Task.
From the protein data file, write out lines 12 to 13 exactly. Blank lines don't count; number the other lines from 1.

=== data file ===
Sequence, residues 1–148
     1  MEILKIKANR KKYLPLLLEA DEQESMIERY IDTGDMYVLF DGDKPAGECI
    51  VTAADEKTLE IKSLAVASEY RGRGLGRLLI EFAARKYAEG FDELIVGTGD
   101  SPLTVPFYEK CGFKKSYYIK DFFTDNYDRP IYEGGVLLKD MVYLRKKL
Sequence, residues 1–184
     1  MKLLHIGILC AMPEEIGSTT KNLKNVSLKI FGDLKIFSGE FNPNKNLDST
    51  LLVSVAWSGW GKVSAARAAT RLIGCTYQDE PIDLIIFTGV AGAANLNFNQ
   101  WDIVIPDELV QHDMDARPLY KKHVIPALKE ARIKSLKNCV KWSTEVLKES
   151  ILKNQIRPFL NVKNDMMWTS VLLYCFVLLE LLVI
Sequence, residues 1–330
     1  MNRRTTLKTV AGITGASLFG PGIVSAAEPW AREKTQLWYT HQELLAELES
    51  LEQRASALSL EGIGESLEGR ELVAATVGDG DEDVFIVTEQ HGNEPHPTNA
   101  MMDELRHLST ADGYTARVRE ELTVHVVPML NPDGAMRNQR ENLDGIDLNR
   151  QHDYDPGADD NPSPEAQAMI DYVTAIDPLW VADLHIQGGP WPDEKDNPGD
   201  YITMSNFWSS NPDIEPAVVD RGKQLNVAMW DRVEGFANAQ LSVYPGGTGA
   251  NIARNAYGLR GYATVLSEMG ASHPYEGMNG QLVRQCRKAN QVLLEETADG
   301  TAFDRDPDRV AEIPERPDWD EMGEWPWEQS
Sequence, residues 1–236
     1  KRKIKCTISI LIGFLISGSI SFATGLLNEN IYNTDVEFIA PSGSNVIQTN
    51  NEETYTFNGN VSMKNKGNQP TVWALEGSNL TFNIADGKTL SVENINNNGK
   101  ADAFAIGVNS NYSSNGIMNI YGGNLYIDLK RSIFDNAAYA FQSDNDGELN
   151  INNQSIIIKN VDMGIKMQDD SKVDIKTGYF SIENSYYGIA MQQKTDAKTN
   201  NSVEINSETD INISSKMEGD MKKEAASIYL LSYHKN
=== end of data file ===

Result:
    51  LEQRASALSL EGIGESLEGR ELVAATVGDG DEDVFIVTEQ HGNEPHPTNA
   101  MMDELRHLST ADGYTARVRE ELTVHVVPML NPDGAMRNQR ENLDGIDLNR